Murphy's Law: EuroHawk Busted

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May 18, 2009: European bureaucrats are making it difficult for Germany to take delivery of recently purchased, American built, RQ-4 Global Hawk UAVs. Six years ago, a RQ-4A was equipped with electronic eavesdropping equipment and flown to Germany for demonstration flights. The Germans were impressed enough to design modifications for the Global Hawk, which  turned it into what they are calling Eurohawk. But in the meantime, European aviation authorities  became alarmed at the danger of UAVs flying in the same air space with manned aircraft. Thus the delays in arranging the delivery of the first German RQ-4 by the end of the year. The aviation regulators have to be convinced that the RQ-4 can be brought safely through U.S., British and German air space.

Germany is buying five RQ-4s, for $112 million each. The UAVs will replace the German Atlantic 1150 Electronic Reconnaissance (ELINT) aircraft. The RQ-4 can stay in the air for up to 36 hours at a time and would be cheaper to operate than a manned recon aircraft. Germany's Atlantic 1150 aircraft will be retired, mainly because they are too old and expensive to maintain. The EuroHawk will use electronics supplied by European manufacturers. The U.S. Air Force is currently paying $130 million each for Global Hawks, with recon equipment included. Germany will be getting the B version, which is larger (wingspan is 15 feet larger, at 131 feet, and it's four feet longer at 48 feet) than the A model, and can carry an additional two tons of equipment. To support that, there's a new generator that produces 150 percent more electrical power. The first three RQ-4Bs entered service in 2006. At 13 tons, the Global Hawk is the size of a commuter airliner (like the Embraer ERJ 145), but costs more than three times as much.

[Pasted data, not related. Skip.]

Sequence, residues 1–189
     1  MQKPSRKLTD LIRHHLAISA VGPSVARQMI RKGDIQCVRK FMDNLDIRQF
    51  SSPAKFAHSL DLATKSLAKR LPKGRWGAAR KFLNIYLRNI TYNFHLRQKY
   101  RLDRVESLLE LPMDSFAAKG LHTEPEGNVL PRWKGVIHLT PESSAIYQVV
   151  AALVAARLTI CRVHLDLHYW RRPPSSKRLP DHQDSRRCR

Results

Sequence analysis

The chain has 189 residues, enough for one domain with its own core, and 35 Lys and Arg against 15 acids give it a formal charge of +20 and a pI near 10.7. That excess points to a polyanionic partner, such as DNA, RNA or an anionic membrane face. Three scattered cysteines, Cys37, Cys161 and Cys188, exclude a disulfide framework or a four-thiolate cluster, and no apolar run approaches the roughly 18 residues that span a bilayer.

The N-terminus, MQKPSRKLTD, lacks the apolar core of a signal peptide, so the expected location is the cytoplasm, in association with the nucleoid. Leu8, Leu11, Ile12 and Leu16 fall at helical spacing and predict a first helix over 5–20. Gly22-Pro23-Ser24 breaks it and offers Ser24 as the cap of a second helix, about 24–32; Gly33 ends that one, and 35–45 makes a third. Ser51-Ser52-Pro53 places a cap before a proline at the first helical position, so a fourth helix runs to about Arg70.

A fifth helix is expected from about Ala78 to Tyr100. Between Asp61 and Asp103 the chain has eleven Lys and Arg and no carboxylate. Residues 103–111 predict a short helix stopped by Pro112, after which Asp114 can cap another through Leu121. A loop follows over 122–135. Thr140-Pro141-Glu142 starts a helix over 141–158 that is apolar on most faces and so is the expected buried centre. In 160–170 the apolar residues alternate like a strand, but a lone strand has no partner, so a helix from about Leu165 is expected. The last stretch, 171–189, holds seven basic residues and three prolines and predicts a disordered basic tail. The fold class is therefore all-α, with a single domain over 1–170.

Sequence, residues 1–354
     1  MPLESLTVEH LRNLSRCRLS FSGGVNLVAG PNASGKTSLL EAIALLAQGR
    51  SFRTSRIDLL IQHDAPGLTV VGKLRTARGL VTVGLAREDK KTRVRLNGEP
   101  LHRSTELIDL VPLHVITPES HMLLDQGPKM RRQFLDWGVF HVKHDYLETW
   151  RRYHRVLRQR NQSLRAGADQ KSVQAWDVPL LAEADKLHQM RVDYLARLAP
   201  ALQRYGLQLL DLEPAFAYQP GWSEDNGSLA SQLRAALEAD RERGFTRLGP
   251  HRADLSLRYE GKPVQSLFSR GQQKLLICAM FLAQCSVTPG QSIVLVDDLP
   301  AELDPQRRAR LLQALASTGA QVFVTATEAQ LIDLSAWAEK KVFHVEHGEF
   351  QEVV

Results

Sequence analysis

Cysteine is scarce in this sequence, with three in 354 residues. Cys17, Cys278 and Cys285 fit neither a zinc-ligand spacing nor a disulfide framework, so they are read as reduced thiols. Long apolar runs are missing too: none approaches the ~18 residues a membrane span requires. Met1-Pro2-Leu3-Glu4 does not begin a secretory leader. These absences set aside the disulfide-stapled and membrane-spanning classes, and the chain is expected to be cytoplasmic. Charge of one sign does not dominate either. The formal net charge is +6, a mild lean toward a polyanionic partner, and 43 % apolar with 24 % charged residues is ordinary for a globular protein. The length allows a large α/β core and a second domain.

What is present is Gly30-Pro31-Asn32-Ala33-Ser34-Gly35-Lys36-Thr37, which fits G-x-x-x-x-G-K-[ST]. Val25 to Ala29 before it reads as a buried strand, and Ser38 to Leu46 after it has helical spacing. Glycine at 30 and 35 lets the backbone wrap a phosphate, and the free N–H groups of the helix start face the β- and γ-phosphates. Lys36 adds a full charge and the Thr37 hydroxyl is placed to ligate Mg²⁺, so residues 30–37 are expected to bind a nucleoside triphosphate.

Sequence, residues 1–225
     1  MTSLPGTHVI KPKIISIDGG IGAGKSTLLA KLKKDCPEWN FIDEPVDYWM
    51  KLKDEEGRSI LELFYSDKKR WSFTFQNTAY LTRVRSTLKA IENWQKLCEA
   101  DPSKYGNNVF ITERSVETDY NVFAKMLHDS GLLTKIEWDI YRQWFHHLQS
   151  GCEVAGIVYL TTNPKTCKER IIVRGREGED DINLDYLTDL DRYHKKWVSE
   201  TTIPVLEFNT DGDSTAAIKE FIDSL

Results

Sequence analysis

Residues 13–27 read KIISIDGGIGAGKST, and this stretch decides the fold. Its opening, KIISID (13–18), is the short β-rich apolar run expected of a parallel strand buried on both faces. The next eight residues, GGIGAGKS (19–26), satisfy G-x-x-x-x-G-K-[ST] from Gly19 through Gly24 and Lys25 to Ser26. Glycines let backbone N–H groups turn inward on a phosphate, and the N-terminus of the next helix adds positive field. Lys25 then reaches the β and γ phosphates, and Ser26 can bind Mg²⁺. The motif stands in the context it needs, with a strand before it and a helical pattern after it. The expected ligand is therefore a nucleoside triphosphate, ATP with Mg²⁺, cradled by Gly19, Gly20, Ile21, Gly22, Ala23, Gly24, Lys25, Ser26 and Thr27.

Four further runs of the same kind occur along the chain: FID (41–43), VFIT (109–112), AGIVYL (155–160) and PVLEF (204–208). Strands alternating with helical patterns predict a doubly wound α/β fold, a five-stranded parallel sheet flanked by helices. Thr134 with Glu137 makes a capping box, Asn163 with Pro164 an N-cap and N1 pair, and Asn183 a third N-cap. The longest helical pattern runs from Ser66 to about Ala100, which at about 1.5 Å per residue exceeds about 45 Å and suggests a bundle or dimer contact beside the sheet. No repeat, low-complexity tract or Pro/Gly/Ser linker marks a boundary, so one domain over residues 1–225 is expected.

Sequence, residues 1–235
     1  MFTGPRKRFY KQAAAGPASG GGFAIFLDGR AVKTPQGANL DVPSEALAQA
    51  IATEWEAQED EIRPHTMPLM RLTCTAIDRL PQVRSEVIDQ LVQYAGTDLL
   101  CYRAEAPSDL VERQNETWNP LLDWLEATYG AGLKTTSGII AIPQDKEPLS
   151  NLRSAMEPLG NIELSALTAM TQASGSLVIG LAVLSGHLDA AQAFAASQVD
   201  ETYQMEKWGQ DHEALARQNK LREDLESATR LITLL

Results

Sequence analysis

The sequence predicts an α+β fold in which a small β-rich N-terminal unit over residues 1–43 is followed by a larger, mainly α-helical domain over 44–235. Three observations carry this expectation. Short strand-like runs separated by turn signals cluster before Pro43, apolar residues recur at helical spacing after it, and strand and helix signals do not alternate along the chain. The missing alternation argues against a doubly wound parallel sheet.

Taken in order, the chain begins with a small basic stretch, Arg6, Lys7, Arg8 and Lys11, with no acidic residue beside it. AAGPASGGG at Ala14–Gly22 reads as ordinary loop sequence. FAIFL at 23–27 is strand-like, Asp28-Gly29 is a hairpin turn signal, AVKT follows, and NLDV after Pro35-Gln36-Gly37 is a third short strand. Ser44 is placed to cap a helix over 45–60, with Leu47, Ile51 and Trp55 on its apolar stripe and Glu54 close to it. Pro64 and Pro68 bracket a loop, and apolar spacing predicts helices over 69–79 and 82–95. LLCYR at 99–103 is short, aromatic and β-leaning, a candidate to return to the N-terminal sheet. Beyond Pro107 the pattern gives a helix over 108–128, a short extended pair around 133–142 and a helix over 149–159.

In the last seven years, RQ-4s have flown over 25,000 hours, most of that combat missions, and many of them from Persian Gulf bases. The latest models have been able to fly 20 hour missions, land for refueling and maintenance, and be off in four hours for another twenty hours in the sky. The RQ-4 has been very reliable, with aircraft being ready for action 95 percent of the time. The U.S. Air Force has been buying them at the rate of five a year. An RQ-4 can survey about 4,000 square kilometers an hour with cameras, and more than double that with some electronic sensors.

 

 


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